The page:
Two Perfect Foods
1. The Rose Petal Jam at the Mandarin Oriental in Hong Kong
Don’t be put off by the name. I don’t normally care for anything floral, either, whether it’s a tuberose hand cream or an otherwise delectable Moroccan pastry ruined at the last second by that infernal dousing they do with the orange blossom water, but this isn’t like that. The rose only timidly asserts itself through the rich, tart paste, which smears more like apple butter than a jam; it’s there, but it’s not soapy.
If I had to guess at the base, and I haven’t tasted it in over a decade, I would say guava or quince, both for the jam’s membrillo-like grittiness and its coral pink color. It reminds me of haw flakes, too–those compressed discs, a little like communion wafers, made from the fruit of the Chinese hawthorn and with a flavor like candied crabapple. But the hotel won’t reveal its recipe, so I’ll never know for sure.
At the Mandarin Oriental’s famous afternoon tea buffets, it’s served with clotted cream and splotched on scones. (There’s a picture of the stuff in the post I’ve linked to, three photos down.) Addicts can leave with a jar, and I often did from the age of fourteen or so, sacrificing the equivalent of US$12 in allowance money for the privilege.
The price has since risen to about US$20 for a small jar, a sum I would gladly pay if the Mandarin in New York would let me. Cruelly, as I learned in the course of a phone conversation this morning with a clearly bewildered employee who was nonetheless determined to be a good sport about it, they don’t even serve it with afternoon tea, opting instead for marmalade. (Marmalade! The pedestrian gall of it!) I would ask my mother to send me a jar, but she’s only just finished indulging me in my last two whims–namely, obtaining a traditional lacquer candy chest in time for Chinese New Year, as well as all the accoutrements for a betting game called “Fish-Shrimp-Crab” that, as it emerged, is so archaic that even people in Hong Kong don’t know what it is–and probably deserves a reprieve.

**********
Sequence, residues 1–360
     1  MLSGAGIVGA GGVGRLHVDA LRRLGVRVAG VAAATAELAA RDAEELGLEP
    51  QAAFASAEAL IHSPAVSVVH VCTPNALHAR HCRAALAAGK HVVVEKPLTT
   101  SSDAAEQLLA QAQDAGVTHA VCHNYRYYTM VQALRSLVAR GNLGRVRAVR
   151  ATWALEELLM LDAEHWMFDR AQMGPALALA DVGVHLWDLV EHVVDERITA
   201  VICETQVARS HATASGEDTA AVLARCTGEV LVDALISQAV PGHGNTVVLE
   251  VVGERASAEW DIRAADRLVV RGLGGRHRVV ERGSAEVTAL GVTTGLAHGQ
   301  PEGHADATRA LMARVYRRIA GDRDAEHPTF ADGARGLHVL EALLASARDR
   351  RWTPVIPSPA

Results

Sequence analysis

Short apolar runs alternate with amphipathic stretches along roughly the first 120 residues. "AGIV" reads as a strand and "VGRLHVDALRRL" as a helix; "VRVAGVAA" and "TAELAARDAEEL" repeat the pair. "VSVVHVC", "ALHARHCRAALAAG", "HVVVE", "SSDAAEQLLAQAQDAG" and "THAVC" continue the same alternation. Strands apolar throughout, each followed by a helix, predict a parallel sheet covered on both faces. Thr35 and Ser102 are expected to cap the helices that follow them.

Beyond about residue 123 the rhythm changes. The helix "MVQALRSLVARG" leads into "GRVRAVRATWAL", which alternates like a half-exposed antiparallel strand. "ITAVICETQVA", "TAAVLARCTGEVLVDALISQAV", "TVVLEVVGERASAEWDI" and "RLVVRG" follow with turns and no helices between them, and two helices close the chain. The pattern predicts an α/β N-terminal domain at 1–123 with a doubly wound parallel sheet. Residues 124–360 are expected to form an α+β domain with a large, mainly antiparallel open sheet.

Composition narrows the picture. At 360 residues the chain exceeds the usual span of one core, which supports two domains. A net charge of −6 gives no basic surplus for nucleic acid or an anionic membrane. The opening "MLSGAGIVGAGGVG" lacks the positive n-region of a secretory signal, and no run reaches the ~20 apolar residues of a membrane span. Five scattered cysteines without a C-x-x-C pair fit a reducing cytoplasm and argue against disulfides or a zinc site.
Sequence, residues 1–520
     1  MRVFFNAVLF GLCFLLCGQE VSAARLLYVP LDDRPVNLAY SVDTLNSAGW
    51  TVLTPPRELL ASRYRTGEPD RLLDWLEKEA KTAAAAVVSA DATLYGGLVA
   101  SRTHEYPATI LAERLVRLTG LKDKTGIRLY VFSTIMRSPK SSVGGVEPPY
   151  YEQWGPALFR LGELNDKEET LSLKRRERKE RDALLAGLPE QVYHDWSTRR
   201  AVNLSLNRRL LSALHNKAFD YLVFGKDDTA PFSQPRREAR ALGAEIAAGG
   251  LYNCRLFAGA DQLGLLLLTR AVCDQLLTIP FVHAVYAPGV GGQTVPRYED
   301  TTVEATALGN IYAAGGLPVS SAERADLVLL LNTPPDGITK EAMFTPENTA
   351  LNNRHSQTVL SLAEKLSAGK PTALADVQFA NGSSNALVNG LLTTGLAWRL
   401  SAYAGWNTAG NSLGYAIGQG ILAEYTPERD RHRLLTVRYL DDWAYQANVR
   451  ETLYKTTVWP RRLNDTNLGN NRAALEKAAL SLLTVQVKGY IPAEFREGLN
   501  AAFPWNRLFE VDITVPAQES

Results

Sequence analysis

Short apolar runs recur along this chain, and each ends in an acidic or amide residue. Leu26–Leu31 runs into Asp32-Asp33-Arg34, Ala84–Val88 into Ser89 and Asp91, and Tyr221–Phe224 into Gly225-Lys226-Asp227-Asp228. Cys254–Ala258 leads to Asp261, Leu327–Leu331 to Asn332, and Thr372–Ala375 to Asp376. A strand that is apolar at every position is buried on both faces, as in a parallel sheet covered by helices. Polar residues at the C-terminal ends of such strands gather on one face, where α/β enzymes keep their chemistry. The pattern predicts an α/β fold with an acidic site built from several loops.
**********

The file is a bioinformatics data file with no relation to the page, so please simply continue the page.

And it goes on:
Rose Petal Jam: we shall yet be reunited. Stay tuned.
2. The green beans at Fanelli’s in New York
This dish really has no business being on a bar menu, but I’m so happy that it is. It’s sloppy, it needs utensils, and it doesn’t go especially well with beer, but it’s there because, clearly, the owner or the manager or someone loves it, and there it will stubbornly stay.
I last ate these green beans on Monday, my first day of grad school at NYU, when I had two hours to kill between classes and some truly brutal weather in which to kill it. I’m not one of those people who has merely learned to tolerate sitting alone at the bar–I sincerely love it, and now that I’m a Married Woman, it’s a rare treat. And, well, to sit alone in Fanelli’s on a cold winter’s night, where I might speak with the son of one of the original Lower East Side haberdashers, or a woman with a secret passion for British cookery magazines (only British will do), where the same bartender who has been serving me for four years will suddenly reveal–and prove–that he speaks Mandarin, and where I can order green beans with a side of good bread and make a meal out of it, that is a treat among treats.
The dish: haricots sautéed bright and crisp, here and there a smudge of char, smothered with a rough concassée of skin-on tomatoes cooked with heaps and heaps of garlic. That’s it. Seven dollars, and the bread is free. Why this very French thing is flanked on the menu by chicken fingers and loaded potato skins, I’ll never know, but I’m not complaining.